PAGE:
School recovery has already begun and we must ensure that the focus is on the students who have been most impacted and who have historically not fully enjoyed the progress DC has made over the decades—students designated at-risk, students with disabilities, English language learners, and students of color.
Literacy, as this roundtable is also focused, is a critical part to give students the foundations they need for success. We applaud the recent work from DC Public Schools on the science of reading to utilize data to inform reading instruction. We believe expanding investments in these supports across both sectors and exploring if there are additional resources that can serve the same function in math will go a long way in helping to better support students and improving academic outcomes.
Success will not always come through better academic offerings. Through our Better Than Before series, we have heard directly from students and school leaders about the myriad of challenges that prevent students from coming to school on time and prepared to learn. In June, students raised concerns about safety in their neighborhoods and in their schools, increased workloads, longer commutes, and teachers and peers experiencing emotional and behavioral challenges. At our October event, school leaders expressed concerns about the academic data but pointed to supporting our students’ non-academic needs, such as making them feel loved and supported in school and meeting their basic needs like food, will result in greater academic achievement and set them up for future success.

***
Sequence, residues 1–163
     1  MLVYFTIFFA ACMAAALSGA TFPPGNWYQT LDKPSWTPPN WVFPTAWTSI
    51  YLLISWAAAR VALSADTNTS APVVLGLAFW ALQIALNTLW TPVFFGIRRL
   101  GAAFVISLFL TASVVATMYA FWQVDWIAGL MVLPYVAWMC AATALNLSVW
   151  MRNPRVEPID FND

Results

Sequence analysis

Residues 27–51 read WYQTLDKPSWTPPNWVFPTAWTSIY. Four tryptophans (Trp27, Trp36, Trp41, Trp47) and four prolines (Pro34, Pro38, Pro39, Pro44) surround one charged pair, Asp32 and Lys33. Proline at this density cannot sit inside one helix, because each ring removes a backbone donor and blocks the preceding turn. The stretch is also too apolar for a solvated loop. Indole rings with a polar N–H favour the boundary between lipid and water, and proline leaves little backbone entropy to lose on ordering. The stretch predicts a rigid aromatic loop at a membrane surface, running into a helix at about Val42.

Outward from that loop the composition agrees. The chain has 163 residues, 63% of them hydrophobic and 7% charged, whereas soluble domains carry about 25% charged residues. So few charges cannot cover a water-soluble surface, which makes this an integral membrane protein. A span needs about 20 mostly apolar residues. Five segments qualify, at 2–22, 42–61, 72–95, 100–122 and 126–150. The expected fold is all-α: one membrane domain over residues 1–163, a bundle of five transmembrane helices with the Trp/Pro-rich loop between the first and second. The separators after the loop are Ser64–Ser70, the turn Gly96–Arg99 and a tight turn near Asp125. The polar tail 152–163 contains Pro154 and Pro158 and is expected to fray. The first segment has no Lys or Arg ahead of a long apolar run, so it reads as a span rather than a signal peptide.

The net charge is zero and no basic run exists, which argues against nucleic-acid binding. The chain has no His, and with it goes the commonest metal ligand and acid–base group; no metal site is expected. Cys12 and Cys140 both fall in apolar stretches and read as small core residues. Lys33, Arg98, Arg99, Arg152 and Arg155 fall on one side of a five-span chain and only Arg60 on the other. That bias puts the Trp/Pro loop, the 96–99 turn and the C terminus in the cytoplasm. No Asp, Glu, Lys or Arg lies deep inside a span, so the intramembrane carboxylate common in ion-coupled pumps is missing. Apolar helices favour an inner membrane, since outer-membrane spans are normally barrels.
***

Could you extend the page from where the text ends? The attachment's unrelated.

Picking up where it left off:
There are already outstanding examples of schools serving our students furthest from opportunity students that can help guide the way. EmpowerK12 recently designated 14 public schools from both sectors as “Bold Performance Schools” for supporting these students to reach academic success. These schools had PARCC proficiency rates that were an average of 9.1 percentage points better than schools with similar student demographics, and their 2022 PARCC 4+ proficiency rates were 2.6 percentage points better than the pre-pandemic average for the same schools.
There is certainly not a one-size fits all solution. The diverse range of needs our students have requires a wide range of solutions, expanded high-quality options for every student and family to find the best educational experience, and accountability for schools that are not meeting those needs.
Thank you again for this opportunity to share Education Forward DC’s thoughts on this important issue. The progress we made in the decades before the pandemic shows that a commitment and focus on education can result in better outcomes for our students. The work is even harder now but never more important.